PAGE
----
Ireland is the best country in the world, according to a new survey.
The Good Country Index ranks the Republic top of 125 nations based on its contribution to humanity.
The UK was ranked seventh but recognised as the best country in the world for its role in technology and science.
The survey was created by policy advisor, Simon Anholt, using 35 separate indicators from the United Nations, the World Bank and other institutions across seven categories, such as health and well-being and planet and climate.
Ireland scored the highest overall after reaching the top 10 for its contributions to culture, world order, prosperity and equality, and health and well-being.
Finland and Switzerland came second and third, the US reached 21st place whereas Libya, Vietnam and war-torn Iraq were joint bottom.
Anholt said the idea of the Good Country Index is a "pretty simple" method of measuring what each country on earth contributes to the common good of humanity, and what it takes away.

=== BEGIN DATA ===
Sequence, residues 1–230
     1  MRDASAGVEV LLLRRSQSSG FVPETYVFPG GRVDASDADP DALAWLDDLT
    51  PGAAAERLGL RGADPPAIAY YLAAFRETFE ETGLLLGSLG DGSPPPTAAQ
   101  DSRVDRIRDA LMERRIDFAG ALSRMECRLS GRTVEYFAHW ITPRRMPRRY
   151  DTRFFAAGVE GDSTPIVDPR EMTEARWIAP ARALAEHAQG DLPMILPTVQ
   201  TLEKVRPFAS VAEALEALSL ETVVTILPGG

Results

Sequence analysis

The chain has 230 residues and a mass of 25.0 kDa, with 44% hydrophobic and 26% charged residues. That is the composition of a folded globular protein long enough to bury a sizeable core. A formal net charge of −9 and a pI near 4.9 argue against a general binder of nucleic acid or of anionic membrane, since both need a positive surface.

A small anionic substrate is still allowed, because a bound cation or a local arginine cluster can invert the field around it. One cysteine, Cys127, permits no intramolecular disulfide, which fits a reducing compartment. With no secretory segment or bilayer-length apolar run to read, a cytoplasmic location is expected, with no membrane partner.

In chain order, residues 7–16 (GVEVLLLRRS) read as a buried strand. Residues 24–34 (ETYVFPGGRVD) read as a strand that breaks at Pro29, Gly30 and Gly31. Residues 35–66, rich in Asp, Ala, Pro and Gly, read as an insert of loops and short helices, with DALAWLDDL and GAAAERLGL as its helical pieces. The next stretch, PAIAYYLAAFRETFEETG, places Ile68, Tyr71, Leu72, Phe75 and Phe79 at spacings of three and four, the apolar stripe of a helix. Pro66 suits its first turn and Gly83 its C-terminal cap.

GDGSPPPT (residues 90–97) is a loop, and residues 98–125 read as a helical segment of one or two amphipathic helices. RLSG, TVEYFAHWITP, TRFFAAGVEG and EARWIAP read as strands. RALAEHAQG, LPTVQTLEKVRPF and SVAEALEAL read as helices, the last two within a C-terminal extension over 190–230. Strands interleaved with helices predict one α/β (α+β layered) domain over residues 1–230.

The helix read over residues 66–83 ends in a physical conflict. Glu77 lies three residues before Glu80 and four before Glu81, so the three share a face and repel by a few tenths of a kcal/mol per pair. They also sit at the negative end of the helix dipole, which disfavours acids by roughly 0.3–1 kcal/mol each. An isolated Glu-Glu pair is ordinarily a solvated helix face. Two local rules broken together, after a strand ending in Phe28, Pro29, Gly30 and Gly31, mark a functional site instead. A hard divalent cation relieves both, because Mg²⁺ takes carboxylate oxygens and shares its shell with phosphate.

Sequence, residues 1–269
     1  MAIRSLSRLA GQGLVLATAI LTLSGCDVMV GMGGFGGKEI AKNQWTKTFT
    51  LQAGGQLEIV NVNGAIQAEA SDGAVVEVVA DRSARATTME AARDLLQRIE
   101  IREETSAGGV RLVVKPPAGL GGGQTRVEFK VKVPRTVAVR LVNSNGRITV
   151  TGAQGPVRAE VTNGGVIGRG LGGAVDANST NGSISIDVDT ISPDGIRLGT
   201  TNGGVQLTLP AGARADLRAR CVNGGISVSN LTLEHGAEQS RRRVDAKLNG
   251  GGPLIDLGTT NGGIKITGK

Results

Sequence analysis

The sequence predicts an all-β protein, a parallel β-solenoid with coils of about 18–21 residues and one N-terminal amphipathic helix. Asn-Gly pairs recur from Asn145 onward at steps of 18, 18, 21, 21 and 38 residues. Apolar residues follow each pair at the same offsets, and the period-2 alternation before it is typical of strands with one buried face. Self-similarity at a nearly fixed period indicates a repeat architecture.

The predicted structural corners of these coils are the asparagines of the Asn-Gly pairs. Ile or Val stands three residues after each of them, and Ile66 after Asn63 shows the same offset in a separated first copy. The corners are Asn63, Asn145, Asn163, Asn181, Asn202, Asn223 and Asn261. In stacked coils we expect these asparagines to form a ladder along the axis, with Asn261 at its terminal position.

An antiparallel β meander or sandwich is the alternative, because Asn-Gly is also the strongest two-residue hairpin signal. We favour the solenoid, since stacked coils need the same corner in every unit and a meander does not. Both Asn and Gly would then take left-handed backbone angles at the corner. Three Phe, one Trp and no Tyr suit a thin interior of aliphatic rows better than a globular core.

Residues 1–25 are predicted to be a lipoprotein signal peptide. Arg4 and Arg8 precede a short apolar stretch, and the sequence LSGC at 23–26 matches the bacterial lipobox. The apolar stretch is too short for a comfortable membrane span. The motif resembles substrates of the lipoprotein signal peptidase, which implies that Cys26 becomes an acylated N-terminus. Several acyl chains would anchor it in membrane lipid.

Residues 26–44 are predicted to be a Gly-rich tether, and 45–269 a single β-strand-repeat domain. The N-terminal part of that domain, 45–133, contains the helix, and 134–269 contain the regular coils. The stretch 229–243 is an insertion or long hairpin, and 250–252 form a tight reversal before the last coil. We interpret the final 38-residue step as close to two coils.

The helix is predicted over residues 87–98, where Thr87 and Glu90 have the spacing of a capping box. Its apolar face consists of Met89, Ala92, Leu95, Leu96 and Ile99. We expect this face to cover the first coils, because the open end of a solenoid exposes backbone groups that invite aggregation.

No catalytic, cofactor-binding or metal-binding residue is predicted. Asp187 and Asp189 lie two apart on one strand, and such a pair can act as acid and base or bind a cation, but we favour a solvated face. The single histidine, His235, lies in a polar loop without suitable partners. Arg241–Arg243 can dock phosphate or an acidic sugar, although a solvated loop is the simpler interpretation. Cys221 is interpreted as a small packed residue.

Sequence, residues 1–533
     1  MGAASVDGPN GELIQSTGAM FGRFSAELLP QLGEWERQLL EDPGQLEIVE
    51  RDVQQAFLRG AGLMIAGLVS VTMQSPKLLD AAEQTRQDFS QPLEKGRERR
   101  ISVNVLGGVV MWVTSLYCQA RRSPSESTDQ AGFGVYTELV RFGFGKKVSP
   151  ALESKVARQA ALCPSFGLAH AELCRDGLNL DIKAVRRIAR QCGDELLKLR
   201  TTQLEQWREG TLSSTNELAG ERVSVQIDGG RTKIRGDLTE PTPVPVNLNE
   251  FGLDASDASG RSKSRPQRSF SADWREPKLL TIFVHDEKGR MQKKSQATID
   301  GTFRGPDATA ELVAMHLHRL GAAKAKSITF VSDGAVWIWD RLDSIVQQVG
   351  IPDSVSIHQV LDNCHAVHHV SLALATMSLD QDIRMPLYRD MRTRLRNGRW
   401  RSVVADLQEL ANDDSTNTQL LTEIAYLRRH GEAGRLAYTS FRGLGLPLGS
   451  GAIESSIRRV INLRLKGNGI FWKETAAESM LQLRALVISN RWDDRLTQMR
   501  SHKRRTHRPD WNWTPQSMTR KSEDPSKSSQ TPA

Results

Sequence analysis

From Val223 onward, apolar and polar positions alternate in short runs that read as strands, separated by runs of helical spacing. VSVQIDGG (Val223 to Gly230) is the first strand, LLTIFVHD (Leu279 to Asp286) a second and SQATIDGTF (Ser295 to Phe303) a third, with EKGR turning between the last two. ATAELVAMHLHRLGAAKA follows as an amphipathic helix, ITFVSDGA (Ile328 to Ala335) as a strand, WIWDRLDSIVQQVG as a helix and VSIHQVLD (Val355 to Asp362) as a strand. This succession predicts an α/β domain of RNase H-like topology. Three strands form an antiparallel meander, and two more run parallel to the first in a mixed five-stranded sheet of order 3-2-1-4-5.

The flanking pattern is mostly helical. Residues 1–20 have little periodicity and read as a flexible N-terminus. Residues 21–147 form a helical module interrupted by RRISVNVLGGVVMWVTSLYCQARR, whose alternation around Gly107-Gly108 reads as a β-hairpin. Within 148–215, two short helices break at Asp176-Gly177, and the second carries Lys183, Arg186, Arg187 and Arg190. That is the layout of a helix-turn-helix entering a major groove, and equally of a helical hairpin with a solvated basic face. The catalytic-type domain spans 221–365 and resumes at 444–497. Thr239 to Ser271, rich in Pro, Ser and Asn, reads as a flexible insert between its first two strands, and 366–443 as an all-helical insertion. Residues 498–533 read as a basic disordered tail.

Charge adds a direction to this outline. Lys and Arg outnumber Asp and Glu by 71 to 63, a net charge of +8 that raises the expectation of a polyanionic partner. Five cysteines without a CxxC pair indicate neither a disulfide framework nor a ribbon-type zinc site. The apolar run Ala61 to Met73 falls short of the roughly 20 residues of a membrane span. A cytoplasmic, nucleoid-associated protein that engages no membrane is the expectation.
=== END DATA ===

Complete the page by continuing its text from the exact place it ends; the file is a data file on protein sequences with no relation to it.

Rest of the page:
"Using a wide range of data from the UN and other international organisations, we've given each country a balance-sheet to show at a glance whether it's a net creditor to mankind, a burden on the planet, or something in between.
"It's important to explain that we are not making any moral judgements about countries. What I mean by a Good Country is something much simpler: it's a country that contributes to the greater good."
He said the index is one of a series of projects he is launching over the coming months and years with the intention to start a global debate about what countries really represent.
"Do they exist purely to serve the interests of their own politicians, businesses and citizens, or are they actively working for all of humanity and the whole planet? The debate is a critical one, because if the first answer is the correct one, we're all in deep trouble," he added.
Costa Rica ranked the highest in the index, outside of western Europe and the English-speaking world, coming in at 22nd place.
Kenya was the best African nation achieving 26th place, with researchers citing the country as an "inspiring example" of how making a meaningful contribution to society is "by no means the exclusive province of rich 'first-world' nations".